(0, 0.1)0.6870.8170.7330.736
(0.1, 0)0.6870.8100.7280.735
(1, 0.9)0.6480.7130.7420.735
Design location5020010005000
(0, 0)0.6870.8280.7380.741
(1, 1)0.6530.7130.7470.740
(0, 0.1)0.6870.8170.7330.736
(0.1, 0)0.6870.8100.7280.735
(1, 0.9)0.6480.7130.7420.735

In Fig. 8 we consider three different posteriors computed using data from the OED approximated using 5000 samples, i.e., data gathered by a sensor placed in the bottom left corner of the domain, where each posterior corresponds to a different possible location of the source. We see varying levels of information gain in these three scenarios, reiterating the point that we choose the OED based on the average of these information gains, E(IQ).

Fig. 8
Fig. 8
Close modal

Remark 3. Although many of the results in this section seem to match our intuition about which measurement locations should produce high expected information gains, this may not always be the case. In particular, we have found that our results can depend on our choice of the variance in the observed densities σ. If σ is chosen to be large relative to the range of a data space, then the posteriors produced as we average over $OD$ are all nearly the same and potentially produce unusually high information gains when the observed densities have substantial support over regions of the data space with very small probability (very small values of the push-forward of the prior). Another way to think of this is the push-forward densities have high entropy and because σ is large, $πDobs$ is very close to uniform and this produces posterior densities with high information gains. If σ is chosen to be small relative to the range of the data space, i.e., if we expect the experiments to be informative, we do not encounter this issue because we are integrating over $D$ with respect to the push-forward measure so most of our potential observed data lie in high probability regions of the data space.

### A Parameterized Inclusion.

In this section, we consider a simple problem in computational mechanics where the precise boundary of an inclusion is uncertain. We parameterize the inclusion and seek to determine the location to place a sensor that will maximize the information gained regarding the shape of the inclusion. We use a linear elastic formulation to model the response of the media to surface forces and measure horizontal stress at each sensor location. We assume that the material properties (Poisson ratio and Young's modulus) are different inside the inclusion and that these properties are known a prior (Fig. 9).

Fig. 9
Fig. 9
Close modal

#### Problem Setup.

Consider a linear elastic plane strain model
${−∇·σ(u)=0,x∈Ω=[−5,5]×[0,2]u=g,x∈ΓD={(x,y)∈Ω | x=0}σ(u)n=t,x∈ΓN=∂Ω∖ΓD$
(22)
where $σ(u)$ is given by the linear elastic constitutive relation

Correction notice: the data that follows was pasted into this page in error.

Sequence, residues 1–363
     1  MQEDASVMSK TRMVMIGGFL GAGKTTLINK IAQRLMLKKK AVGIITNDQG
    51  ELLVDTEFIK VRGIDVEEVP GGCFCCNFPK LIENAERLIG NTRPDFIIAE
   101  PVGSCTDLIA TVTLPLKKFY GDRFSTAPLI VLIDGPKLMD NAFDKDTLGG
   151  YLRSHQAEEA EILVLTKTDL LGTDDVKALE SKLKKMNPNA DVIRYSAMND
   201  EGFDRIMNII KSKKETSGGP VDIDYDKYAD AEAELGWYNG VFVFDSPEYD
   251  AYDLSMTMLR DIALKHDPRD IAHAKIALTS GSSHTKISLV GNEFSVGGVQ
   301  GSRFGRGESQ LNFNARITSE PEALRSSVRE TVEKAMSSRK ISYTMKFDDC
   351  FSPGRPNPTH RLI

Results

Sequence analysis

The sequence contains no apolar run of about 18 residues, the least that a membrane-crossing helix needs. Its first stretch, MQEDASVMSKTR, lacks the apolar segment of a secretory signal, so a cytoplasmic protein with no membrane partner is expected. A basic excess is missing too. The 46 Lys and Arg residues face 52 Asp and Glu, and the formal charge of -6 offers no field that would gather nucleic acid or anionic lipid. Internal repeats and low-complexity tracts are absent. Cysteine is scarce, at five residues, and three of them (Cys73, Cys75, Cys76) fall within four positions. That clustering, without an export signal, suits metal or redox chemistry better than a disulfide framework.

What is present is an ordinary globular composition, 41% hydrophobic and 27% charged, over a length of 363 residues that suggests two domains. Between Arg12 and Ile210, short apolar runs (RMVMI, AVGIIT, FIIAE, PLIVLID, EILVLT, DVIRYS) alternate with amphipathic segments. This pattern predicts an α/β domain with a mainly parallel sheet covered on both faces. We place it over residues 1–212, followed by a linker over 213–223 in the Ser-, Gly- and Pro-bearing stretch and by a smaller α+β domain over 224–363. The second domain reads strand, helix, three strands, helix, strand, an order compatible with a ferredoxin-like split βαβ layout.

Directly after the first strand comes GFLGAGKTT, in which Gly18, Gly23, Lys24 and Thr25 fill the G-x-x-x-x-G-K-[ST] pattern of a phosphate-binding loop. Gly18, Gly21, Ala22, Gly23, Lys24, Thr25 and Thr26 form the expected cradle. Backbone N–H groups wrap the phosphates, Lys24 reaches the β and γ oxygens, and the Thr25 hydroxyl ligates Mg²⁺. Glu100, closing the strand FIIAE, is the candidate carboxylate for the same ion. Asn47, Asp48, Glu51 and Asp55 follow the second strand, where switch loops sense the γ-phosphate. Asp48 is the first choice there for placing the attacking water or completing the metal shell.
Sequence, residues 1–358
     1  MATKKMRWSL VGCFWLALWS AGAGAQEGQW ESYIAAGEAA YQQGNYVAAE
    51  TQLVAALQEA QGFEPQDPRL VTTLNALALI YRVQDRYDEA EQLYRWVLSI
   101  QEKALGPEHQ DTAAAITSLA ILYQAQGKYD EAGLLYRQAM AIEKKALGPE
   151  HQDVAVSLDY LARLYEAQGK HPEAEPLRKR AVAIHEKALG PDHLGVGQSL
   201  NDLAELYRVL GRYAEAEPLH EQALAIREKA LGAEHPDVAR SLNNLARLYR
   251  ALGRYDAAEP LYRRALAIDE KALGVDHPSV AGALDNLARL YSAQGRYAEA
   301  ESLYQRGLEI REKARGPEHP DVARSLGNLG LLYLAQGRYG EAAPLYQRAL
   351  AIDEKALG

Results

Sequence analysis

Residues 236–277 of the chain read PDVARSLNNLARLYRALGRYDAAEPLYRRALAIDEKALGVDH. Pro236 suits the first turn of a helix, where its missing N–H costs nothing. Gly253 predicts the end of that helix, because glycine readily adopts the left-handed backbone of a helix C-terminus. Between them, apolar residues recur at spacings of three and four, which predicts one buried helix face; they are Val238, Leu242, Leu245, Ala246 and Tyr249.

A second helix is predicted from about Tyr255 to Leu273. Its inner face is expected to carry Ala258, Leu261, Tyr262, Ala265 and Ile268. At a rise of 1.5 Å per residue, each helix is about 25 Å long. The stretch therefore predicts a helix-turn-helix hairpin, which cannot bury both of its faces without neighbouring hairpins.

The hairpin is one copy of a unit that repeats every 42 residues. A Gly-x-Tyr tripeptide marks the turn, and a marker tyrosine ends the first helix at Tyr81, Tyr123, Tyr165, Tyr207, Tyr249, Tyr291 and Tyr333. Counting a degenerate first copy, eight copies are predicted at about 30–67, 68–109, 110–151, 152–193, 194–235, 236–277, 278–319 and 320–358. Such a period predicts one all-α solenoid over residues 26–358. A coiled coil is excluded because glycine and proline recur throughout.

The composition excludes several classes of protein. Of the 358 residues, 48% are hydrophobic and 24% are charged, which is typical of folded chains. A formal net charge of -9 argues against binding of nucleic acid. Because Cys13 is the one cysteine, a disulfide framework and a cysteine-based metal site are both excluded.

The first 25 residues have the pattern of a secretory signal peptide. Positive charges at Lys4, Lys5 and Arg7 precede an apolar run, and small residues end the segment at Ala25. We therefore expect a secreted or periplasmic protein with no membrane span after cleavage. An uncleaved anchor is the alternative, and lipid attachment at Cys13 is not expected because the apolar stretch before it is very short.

$σ(u)=λ(∇·u)I+μ(∇u+∇uT)$
We express this relation in terms of the Lamé parameters, λ and μ, which are related to the Poisson ratio, ν, and Young's modulus, E, via the following expressions:
$μ=E2(1+ν), λ=Eν(1+ν)(1−2ν)$
Now, assume that there is an inclusion within the media defined by an ellipse
$I={(x,y)∈Ω | 1α(x−x0)2+1β(y−y0)2≤1}$
where x0 = y0 = 0 and α is uniformly distributed on [0.5, 1] and β is uniformly distributed on [0.25, 0.5]. The material properties are assumed to be known and are given by
$ν={0.45,(x,y)∈I,0.3,otherwise,, E={10.0,(x,y)∈I40.0,otherwise$

These material properties were not chosen to emulate any particular materials, just to demonstrate the proposed OED formulation.

Next, let us impose homogeneous Dirichlet boundary conditions on the bottom boundary and stress-free boundary conditions on the sides, and impose a uniform traction in the y-direction along the top boundary ($ttop=(0,−1)T$). And finally assume that we can probe the media and measure the horizontal stress at a given sensor location. We do not want to puncture the inclusion, so we only consider sensor locations outside the bounds on the inclusion. Equation (22) was solved using a finite element discretization with piecewise linear basis functions defined on a uniform 400 × 80 mesh resulting in a system with 64,962 degrees-of-freedom. The computational model is implemented using the Trilinos toolkit [40] and each realization of the model requires approximately 1 s using eight processors.

#### Results.

As in previous examples, we assume that we have limited resources for gathering experimental data; specifically, we can only afford to place one sensor in the domain to gather a single stress measurement. Our goal is to place this single sensor to maximize the expected information gained about the shape of the inclusion. We select 2000 random sensor locations (outside the inclusion bounds), which produce a design space with 2000 possible experimental designs. For this problem, we let the probability density for the QOI be described by a truncated Gaussian profile with a fixed standard deviation of 0.001. We generate 1000 uniform samples from the prior and compute the horizontal stress at each sensor location for each of these 1000 samples.